DREAMS ARE MADE – XY Falcon

On Wolfgang Backer’s fridge once rested a single photo cut from a magazine – it was a black XY Falcon, the type of car that dreams were made of. At the time, just sitting metres away in his garage, was an XY Fairmont that was more of a nightmare than a dream: “The funny thing is, the guy I bought it off almost had a heart attack when I told him that I wanted to restore it. In his mind, he had already done the job. He almost didn’t sell it to me when I said that,” laughed Wolfie. “The car was a dog’s breakfast. Stuff was held in with tek screws and cable ties and it didn’t run that well at all. The saving grace was the reasonably-sound body and the fact it was a factory Fairmont – which was important to me.

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“I remember wanting to get an Aussie classic before the muscle car boom was about to happen. I was worried if I waited any longer I was going to miss out – that was about 14 years ago now. I discussed the idea with my partner Sharon and she was all for it. It was something we could share and enjoy together. At the time, I didn’t know when I was going to start the build, but I did know I wanted to do something impressive. It was just a matter of time before I could make a start, and after selling a house of mine, I had an influx of money so the build could commence. I was pumped.”

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Around 10 years ago, Wolfie’s cousin, Simon Woodley, did him a massive favour and helped panel and paint the car for free. Of course, the car was going to be black – just like the car on the fridge – and Wolfie liked the idea of using Starlight Silver for the stripes: “We used the same silver under the bonnet of the car, on the dash fascia and in the custom console I made for the shifter. I thought that the silver and black really worked with the chrome. I even had the grille chromed to be a little different.” The custom stripes on the car were made to suit the capacity of the new heart that the car was soon to get.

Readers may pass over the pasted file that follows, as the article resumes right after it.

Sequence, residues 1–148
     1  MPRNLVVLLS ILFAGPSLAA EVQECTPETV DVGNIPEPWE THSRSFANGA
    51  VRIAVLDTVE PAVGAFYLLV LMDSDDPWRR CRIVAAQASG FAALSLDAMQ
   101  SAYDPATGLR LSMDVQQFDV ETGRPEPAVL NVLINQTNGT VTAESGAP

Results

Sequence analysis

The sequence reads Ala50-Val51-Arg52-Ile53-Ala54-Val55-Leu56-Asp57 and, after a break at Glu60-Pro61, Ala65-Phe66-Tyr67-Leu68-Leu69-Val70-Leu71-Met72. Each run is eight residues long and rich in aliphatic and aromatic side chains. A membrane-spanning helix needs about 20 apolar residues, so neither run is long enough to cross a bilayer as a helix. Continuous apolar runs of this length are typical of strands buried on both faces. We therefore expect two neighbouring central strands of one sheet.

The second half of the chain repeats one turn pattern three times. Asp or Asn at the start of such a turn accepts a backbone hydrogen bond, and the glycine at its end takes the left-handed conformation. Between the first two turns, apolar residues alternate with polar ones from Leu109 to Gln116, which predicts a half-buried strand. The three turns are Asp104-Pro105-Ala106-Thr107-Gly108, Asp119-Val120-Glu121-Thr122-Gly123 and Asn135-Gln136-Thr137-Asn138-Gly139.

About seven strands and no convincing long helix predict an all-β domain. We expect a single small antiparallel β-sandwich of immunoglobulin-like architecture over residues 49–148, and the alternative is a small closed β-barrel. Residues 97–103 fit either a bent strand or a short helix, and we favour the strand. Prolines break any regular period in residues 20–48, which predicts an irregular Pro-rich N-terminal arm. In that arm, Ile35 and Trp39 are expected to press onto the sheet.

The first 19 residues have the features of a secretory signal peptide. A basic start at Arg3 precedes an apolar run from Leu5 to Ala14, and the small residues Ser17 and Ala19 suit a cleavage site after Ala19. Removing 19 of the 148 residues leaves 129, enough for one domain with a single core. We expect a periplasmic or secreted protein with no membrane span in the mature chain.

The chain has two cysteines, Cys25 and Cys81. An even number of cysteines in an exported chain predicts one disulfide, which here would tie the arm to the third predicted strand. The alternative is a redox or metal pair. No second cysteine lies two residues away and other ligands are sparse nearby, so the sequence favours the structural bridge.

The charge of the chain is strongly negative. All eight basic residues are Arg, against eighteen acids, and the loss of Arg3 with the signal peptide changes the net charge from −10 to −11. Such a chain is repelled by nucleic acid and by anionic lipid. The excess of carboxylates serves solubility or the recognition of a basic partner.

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“Back when I had the motor built, there weren’t too many 434 cube Ford donks kicking around. I liked the idea of creating a Cleveland/Windsor hybrid, and there was no one better at building such a monster than Derek Paulik – he really is the best at what he does.” The Man O’War block wears CHI 3V 225cc heads and a matching CHI manifold. Lurking out of the bonnet is a Holley 1000cfm carby that is fed pump-fuel via a Barry Grant pump. Internally, the motor has been treated to forged Scat components. Mufflers R Us in Mandurah took care of the 2-inch exhaust that flows from Pacemaker headers. Shane at Kirky’s Kustoms did the upgrade on the wiring system, hiding what he could.

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“The car can make a heap of power, but I like the idea of pulling back on things a tad so the combo lasts. Reliability and street manners are more important to me. The car has made 680hp with 620lb-ft of torque and I have run a best of 10.6 over the quarter. I then drove it home from the track that night. The thought of having a genuine street car that can run a 10 is a pretty big deal in my books.”

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Since running that number, the car has undergone some alterations to the driveline and suspension. The XY wears Calvert shocks all round and helping the ol’ girl hook up is a set of Caltracs. After that first drag racing experience, Wolfie upgraded the fully-manualised C10 ’box with a transbrake to make the next hit on the track a hell of a lot harder. Out back the 9-inch diff is pieced together with billet axles, a full spool and street-friendly, 3.9 gears.

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“If I could run a nine naturally aspirated, that would be awesome. If that isn’t achievable then I might have to give the car a shot of gas to make things interesting. The car was built to be a tough streeter and I reckon I have nailed just that.”

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